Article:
Tennessee hasn’t earned a berth in a bowl game the last two seasons. In fact, the Vols have missed out on making it to postseason play in five of the last eight seasons and six of the last 11 years. But that’s not stopping one of UT’s players from feeling confident about the Vols making it back to a bowl game this upcoming season.
Redshirt senior outside linebacker Darrell Taylor isn’t shy about sharing his opinions. His colorful pre-game comments before the Battle at Bristol went viral back in 2016, launching the popularity of the phrase “WGWTFA.”
Though not nearly as brazen, Taylor’s comments at SEC Media Days this year again show his confidence not only in himself, but in his team.
Taylor was asked about the Vols’ ability to get to a bowl game in 2019 while in Hoover, Alabama for SEC Media Days. He didn’t hesitate in his response.
“We’ll definitely get to a bowl game,” Taylor said via quotes gathered by Saturday Down South. “That’s not a thing.”
While far from Joe Namath guaranteeing a Super Bowl victory, Taylor’s comments are still fairly bold considering the recent history of Tennessee football.
Two years ago, Tennessee slogged through the worst season in program history. The Vols lost eight games in a season for the first time ever, and they suffered the first winless SEC season in school history, too. Last year wasn’t too much better, as the Vols went 5-7 overall and 2-6 in SEC play in Jeremy Pruitt’s first year as head coach.
But Taylor has seen a lot of improvement from his teammates this offseason, and that gives him plenty of reason to believe.
“We’re in so much better condition than we were last year. Our strength level is going up through the roof,” Taylor stated. “A lot of guys are lifting heavy weights in our weight room, and I think a lot of guys are moving a lot faster on the field.”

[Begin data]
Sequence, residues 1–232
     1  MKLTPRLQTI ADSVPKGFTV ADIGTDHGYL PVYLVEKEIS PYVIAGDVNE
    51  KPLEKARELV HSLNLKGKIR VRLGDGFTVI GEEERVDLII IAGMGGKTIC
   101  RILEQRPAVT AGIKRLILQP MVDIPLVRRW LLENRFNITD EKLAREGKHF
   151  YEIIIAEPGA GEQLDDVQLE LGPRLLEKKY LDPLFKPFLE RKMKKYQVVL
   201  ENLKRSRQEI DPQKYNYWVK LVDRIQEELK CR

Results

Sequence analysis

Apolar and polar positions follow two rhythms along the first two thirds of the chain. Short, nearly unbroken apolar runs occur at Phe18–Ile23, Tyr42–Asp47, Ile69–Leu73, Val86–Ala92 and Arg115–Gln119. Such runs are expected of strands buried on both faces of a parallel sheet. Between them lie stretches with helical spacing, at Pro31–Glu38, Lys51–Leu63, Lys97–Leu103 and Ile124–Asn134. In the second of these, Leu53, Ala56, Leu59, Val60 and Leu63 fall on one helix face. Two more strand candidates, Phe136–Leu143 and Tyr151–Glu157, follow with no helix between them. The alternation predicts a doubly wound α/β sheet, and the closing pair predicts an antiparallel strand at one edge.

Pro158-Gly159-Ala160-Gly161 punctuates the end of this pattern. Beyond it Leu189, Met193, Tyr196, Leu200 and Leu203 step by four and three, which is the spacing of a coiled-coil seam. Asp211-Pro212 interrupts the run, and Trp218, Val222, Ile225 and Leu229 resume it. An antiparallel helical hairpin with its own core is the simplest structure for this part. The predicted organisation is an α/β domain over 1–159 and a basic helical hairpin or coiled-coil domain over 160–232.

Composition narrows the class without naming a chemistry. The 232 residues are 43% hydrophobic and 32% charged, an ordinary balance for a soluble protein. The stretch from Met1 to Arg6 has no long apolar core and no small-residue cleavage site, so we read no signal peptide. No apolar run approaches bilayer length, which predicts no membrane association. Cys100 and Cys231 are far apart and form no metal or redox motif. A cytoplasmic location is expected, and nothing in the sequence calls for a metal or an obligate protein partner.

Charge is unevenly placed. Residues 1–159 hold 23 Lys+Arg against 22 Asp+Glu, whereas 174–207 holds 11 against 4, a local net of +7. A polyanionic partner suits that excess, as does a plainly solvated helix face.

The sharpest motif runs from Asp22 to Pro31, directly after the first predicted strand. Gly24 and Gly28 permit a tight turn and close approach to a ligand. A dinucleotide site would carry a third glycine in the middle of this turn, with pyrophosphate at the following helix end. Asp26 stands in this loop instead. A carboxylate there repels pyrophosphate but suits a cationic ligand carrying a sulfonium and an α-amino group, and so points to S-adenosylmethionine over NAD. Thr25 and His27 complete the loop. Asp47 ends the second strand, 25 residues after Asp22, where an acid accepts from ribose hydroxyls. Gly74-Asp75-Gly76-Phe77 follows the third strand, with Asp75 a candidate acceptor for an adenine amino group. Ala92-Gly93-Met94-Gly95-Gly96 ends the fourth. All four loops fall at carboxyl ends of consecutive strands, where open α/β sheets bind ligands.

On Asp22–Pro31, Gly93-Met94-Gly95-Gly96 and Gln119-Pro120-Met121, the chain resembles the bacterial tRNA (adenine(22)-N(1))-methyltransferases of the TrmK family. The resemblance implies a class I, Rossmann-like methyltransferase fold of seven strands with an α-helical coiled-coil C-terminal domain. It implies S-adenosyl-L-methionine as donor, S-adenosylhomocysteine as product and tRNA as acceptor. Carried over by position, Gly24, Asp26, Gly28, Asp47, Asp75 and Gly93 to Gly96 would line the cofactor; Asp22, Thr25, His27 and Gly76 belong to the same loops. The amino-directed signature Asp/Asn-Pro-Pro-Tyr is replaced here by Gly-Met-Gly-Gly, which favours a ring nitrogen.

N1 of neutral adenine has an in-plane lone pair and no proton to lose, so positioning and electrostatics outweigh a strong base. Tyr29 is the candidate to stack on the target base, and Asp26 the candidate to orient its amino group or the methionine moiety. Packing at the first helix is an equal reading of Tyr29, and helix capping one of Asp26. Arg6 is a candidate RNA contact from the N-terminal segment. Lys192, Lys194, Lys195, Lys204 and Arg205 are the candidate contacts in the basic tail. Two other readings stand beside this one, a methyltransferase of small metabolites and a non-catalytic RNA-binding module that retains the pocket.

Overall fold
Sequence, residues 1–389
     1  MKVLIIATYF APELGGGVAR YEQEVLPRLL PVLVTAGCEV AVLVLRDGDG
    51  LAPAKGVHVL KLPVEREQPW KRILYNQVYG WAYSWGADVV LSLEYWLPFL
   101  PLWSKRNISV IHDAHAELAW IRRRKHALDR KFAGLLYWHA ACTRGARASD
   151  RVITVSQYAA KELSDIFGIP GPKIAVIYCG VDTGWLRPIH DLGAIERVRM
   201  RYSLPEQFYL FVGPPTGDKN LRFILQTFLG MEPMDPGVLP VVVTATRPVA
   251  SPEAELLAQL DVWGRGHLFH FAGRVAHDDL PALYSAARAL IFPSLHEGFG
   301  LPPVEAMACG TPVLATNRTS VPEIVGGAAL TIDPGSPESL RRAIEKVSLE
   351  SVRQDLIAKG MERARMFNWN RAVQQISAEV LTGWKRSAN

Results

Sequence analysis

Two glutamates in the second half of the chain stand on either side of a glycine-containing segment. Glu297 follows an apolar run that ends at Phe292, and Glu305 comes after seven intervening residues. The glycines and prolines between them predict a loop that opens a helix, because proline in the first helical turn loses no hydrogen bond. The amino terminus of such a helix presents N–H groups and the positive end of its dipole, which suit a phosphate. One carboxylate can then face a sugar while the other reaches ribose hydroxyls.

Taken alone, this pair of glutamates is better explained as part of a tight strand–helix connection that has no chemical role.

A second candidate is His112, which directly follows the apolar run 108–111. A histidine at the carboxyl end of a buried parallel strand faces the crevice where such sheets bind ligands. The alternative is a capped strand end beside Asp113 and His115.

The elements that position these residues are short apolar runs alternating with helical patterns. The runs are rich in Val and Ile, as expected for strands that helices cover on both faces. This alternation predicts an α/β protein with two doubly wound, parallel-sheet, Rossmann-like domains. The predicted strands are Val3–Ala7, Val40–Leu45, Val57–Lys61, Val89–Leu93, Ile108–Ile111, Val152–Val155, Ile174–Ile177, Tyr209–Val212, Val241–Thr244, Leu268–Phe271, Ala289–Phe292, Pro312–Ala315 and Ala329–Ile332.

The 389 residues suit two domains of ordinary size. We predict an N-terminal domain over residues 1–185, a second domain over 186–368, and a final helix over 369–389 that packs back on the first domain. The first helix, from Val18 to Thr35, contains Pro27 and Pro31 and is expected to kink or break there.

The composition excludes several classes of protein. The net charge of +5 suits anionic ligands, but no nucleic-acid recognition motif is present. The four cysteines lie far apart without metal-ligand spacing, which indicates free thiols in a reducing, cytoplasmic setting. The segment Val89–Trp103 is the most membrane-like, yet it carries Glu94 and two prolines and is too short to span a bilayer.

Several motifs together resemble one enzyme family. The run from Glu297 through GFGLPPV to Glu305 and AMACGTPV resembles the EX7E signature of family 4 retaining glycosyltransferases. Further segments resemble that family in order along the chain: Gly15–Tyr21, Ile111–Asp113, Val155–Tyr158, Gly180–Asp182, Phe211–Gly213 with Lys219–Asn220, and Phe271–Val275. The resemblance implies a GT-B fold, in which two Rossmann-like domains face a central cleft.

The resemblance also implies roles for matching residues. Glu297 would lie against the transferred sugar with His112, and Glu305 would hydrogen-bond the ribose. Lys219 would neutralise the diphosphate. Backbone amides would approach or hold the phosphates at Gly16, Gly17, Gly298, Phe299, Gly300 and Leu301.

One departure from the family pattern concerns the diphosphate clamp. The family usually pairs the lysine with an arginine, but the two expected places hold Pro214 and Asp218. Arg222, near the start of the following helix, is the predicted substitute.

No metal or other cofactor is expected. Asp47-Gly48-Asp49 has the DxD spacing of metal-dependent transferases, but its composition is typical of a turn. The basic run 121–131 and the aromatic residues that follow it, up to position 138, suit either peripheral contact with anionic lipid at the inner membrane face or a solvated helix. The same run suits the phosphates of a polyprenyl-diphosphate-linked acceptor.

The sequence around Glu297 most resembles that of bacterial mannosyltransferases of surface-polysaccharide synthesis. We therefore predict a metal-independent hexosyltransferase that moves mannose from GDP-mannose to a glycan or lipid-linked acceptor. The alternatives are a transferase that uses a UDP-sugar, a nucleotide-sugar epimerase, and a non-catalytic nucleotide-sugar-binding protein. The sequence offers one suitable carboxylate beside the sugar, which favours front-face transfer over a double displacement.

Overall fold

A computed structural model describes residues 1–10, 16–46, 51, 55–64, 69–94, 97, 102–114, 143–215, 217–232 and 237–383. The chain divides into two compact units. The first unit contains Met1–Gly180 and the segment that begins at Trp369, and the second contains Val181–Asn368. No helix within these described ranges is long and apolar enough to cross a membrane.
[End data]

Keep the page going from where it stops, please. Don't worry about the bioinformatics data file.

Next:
Last season, Taylor was the Vols’ best pass rusher, though he was far from the most consistent. The Hopewell, Virginia native totaled eight sacks and 11 tackles for loss in 12 games last season, but almost all his production came in just three games. Taylor tied a school record for most sacks in a game when he amassed four against Kentucky, and he totaled three and two forced fumbles against Georgia. Taylor also had a sack and made three tackles for loss against Vanderbilt.
All eight of Taylor’s sacks came in those three games, and nine of his 11 tackles for loss came in those three contests.
Consistency will be key for Taylor in 2019, and his head coach said as much on the main stage at SEC Media Days.
“I think last year he had nine sacks in three games,” Pruitt said on Tuesday. “That sounds really great. And of the things that I’m sure that he will tell you the reason that he came back, is where did those other nine games go? He’s a guy that’s worked extremely hard this offseason and provided great leadership.”
Taylor is confident enough to make public guarantees about Tennessee’s success for the upcoming season, but are his teammates?
“No, that’s not for me,” quarterback Jarrett Guarantano said when asked if he wanted to make a prediction about the Vols’ postseason hopes. “D.T. is a little crazy. I definitely love the confidence though. I appreciate my teammate for that.”
Confidence has never been an issue for Taylor, and it’s clear that remains true heading into his final season as a Vol. He not only has a lot of faith in himself and his teammates, but he’s placing a lot in his head coach, too.
“I think we’re as close as we’ve ever been to competing at the highest level because we have Jeremy Pruitt and our coaching staff behind us,” Taylor added, “and we have a lot of new players that are ready to work and put in a lot of work to make it to where we want to go.”
Last year marked the first time in Jeremy Pruitt’s collegiate coaching career that he wasn’t preparing for a bowl appearance in December. For Taylor, it was the second time in his four years at Tennessee that he missed out on a bowl game. The redshirt senior is determined not to let that happen for a third-straight year, and he has no doubt the Vols will end that drought.